A new multimodal study testing a clinical program by Heather Sandison, ND, designed and supported by a research team at the NUNM Helfgott Research institute could have wide-reaching implications for the field of Alzheimer’s research. While clinical trials have historically focused on a singular treatment method for cognitive decline, these new findings show how an individualized, holistic approach may be more effective.
We sat down with Dr. Sandison to hear more about her work, her advice for aspiring investigators, and how mentorship from her former professor and current Helfgott Director Ryan Bradley, ND, MPH made this exciting new research possible.
Why are these new study findings so important?
Dr. Sandison: There are a lot of assumptions made by conventional medical practitioners in my field. We don’t give Alzheimer’s patients enough credit; we decide for them what they can and can’t do. Even back when I was in ND school, I was warned about giving patients “false hope.” Hopefully this paper starts to chip away at those assumptions. The study addresses previously unaddressed contributions to cognitive decline, like diet and stress, so we can offer agency and autonomy back to patients. More people need to see this work in progress, so they know it’s possible. My goal is to make Alzheimers rare and optional, and to do that we have to change the narrative.
How does your training as a naturopathic doctor influence your work?
Dr. Sandison: I truly believe naturopathic doctors are best positioned for this kind of approach to cognitive decline. We’re trained with a deep understanding of environmental medicine, lifestyle medicine, to treat the functional endocrine system and so much more. There’s not a better education than what we get in naturopathic school, and there’s a massive amount of need. Most of the time, naturopaths just don’t know they can do this type of research or maybe don’t know where to start. That’s where mentors like Dr. Bradley come in.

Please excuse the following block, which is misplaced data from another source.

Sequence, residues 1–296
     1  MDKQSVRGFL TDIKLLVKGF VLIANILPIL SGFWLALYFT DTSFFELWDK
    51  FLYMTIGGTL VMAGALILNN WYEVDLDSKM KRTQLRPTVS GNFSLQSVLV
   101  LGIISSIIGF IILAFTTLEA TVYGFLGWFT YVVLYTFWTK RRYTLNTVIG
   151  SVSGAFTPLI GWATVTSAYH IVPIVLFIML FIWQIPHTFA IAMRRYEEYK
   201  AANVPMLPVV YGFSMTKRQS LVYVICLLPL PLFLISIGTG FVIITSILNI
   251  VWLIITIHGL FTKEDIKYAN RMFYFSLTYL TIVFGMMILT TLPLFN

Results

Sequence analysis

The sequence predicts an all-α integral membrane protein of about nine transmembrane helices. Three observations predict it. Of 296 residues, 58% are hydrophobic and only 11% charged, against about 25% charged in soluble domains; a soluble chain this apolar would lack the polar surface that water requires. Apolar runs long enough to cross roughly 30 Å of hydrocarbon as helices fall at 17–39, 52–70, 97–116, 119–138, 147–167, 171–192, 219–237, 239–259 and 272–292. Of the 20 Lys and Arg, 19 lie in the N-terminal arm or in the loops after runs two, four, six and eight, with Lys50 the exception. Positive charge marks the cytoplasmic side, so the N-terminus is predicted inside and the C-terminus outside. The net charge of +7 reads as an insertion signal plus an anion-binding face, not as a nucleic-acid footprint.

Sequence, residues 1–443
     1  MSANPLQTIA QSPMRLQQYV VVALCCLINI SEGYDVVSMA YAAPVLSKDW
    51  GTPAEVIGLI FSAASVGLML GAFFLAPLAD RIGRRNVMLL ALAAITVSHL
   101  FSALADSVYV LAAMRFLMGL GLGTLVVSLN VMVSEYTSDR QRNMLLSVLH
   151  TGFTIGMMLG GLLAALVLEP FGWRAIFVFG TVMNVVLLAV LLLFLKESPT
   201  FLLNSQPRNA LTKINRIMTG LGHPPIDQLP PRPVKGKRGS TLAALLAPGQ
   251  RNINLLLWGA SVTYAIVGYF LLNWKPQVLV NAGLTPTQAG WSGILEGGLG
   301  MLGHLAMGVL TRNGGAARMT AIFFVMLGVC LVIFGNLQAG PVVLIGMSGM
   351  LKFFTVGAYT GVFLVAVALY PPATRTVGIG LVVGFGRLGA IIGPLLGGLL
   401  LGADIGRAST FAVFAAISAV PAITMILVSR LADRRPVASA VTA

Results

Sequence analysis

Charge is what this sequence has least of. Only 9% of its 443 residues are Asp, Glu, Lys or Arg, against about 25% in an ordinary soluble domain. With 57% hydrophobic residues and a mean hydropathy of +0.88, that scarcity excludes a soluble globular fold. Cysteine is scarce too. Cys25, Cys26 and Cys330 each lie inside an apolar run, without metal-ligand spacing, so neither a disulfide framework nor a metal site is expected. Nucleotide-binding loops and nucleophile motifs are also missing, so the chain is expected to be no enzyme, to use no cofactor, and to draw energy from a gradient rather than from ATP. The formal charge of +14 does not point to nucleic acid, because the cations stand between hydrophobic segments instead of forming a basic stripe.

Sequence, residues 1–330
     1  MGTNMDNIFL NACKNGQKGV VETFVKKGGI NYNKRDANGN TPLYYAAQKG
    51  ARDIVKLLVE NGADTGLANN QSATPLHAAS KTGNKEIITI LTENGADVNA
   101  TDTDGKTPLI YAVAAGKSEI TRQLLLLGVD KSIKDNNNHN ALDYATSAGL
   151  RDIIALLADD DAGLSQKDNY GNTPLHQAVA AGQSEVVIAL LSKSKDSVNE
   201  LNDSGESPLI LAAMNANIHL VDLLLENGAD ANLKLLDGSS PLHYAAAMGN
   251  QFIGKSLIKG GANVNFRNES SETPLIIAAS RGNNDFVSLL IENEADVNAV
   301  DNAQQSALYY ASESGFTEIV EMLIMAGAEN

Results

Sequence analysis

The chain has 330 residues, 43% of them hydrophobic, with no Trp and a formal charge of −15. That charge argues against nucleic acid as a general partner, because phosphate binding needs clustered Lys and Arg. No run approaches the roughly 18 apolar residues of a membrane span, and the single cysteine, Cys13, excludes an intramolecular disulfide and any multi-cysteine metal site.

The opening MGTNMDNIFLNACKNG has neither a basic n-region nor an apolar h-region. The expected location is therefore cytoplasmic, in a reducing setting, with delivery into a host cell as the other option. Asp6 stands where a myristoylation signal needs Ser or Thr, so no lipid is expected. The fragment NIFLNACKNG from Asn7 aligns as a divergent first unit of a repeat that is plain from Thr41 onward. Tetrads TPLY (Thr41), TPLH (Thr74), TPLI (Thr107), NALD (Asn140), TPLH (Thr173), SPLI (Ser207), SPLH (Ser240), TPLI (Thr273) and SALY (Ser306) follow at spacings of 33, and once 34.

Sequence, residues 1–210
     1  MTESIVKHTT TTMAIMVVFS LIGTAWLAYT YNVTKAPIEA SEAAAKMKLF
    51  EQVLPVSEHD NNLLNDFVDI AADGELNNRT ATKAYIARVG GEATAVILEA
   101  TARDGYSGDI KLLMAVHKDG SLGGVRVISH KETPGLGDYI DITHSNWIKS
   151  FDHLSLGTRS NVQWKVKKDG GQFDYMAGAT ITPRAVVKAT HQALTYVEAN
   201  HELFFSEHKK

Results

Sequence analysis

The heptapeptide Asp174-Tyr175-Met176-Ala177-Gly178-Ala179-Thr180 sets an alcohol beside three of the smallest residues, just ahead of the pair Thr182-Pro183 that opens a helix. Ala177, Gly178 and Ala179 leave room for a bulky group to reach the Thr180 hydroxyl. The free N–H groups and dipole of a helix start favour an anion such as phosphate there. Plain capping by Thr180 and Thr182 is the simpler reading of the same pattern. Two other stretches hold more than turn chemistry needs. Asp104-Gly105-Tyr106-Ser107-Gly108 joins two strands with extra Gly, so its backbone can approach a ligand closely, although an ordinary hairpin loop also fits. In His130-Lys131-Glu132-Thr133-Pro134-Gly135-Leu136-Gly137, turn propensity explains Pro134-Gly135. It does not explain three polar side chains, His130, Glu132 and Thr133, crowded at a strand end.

How did you come to partner with Dr. Bradley and the Helfgott team on this study?
Dr. Sandison: Dr. Bradley was an instructor of mine over ten years ago. I was really impressed with what he was doing in the diabetes and cardiovascular space because it translated so well to patients. His standard for process and data collection was higher than most. We’ve stayed in touch and always supported one another’s work. In 2019 , I approached him with this research idea. Dr. Bradley made a daunting process sound doable and the Helfgott team did all of the study protocols, facilitated IRB approvals, handled recruitment and the data processing – not a small feat during a global pandemic!
What advice do you have for aspiring researchers?
Dr. Sandison: Collaboration in naturopathic research is everything. When I first moved to Southern California, I couldn’t have known how this would all work out; that I’d have the opportunity to meet Dr. Bradley and work with him. I’d tell students to prioritize developing these types of mentorship relationships, because they open up huge possibilities.
You can read the full study in the Journal of Alzheimer’s Disease Volume (94) Issue (3) and learn more about research opportunities at the NUNM Helfgott Research Institute here.